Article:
Writing Is Remembering

Story: Chapter 5

Part 5 of my graduation speech accompanied a series of photos. Formatting and phrasing reflect the oral presentation. “People come and go in our lives; that’s as old a story as there is. But some of them the heart cries out to keep forever; and that is a fresh saga every time.” – Ivan Doig, The Bartender’s Tale Writing helps me remember, process, and think…

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My Sister, Ella

Story: Chapter 4

Part 4 of my speech given at residency graduation. Formatting and phrasing reflect oral presentation. Why Pediatric Otolaryngology? Kids are amazing. They think outside the box and ask questions no one else would ask. They’re either practically invulnerable or entirely medically fascinating. Pediatric Otolaryngology allows me to do subspecialized surgery without giving up any major aspects of ENT. But there’s more to it than that….

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Choosing ENT

Story: Chapter 3

Part 3 of speech given at residency graduation. Organization and phrasing reflect oral presentation. There are two kinds of medical students: those who enjoy every specialty, and those who hate all but one. I was the former, which made it difficult to choose. In the middle of third year, I did General Surgery at a busy community hospital. I spent six weeks working everything to…

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My First Patient

Story: Chapter 1

Part 1 of speech given at residency graduation. Organization and phrasing reflects oral presentation. In medical school, we often refer to our first year anatomy class cadaver as our first patient. I knew my first patient long before medical school, though, and she is very much alive. This story begins in Seattle, in 1987, in a sixth-floor apartment four blocks from Pike Place Market. In…

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Story: Preface

personhood, stories, and residency

Preface to speech given at residency graduation. Organization and phrasing reflects oral presentation. “The three things I cannot change are the past, the truth, and you.” – Anne Lamott, Thanks, Help, Wow: the Three Essential Prayers.  After five years, I’ve concluded that the toughest thing about residency isn’t actually the practice of medicine or the learning of surgery. Rather the toughest thing is how much…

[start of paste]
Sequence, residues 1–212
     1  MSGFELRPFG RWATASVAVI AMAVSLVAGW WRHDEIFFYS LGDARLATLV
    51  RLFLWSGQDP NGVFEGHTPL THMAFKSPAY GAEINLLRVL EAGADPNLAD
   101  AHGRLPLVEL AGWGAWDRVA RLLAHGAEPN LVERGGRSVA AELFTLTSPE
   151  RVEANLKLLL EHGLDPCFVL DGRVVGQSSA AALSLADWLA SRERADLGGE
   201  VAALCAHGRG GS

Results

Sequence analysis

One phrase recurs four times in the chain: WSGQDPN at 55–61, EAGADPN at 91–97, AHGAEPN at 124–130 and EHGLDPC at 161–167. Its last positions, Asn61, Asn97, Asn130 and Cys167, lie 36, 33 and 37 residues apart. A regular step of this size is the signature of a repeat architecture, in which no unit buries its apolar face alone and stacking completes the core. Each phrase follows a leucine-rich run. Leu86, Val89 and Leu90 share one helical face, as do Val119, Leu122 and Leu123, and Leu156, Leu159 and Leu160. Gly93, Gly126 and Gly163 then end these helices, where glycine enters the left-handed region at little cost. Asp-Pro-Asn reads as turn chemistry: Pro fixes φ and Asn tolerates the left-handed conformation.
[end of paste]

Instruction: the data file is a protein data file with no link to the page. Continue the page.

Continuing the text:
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"Yes, Caleb, love. Love costs. It always costs. Sometimes it costs everything." Island of the World, Michael D. O'Brien

How I Became a Surgeon

Two years of medical school classes flew by, followed by three brutal weeks of preparation for the USMLE. “Enjoyed” doesn’t adequately describe the excitement, inquisitiveness, and joy I experienced when I finally left the classroom and board exams behind to take care of patients. Every rotation brought new challenges, which I embraced wholeheartedly. Then, in the middle of third year, I did General Surgery at a…

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Still, there are times I am bewildered by each mile I have traveled, each meal I have eaten, each person I have known, each room in which I have slept. As ordinary as it all appears, there are times when it is beyond my imagination. Interpreter of Maladies, by Jhumpa Lahiri

The Best of Times, The Worst of Times

Charles Dickens on the subject of residency

Residency is best described in the immortal words of Dickens: “It was the best of times; it was the worst of times.”

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Ten Tips for Dating During Medical Training

how to make dating a little simpler when you work 80 hours per week

As a single resident, I’ve made every dating mistake in the book. Let me save you some trouble! Here are ten tips I’ve learned about dating during med school and residency.

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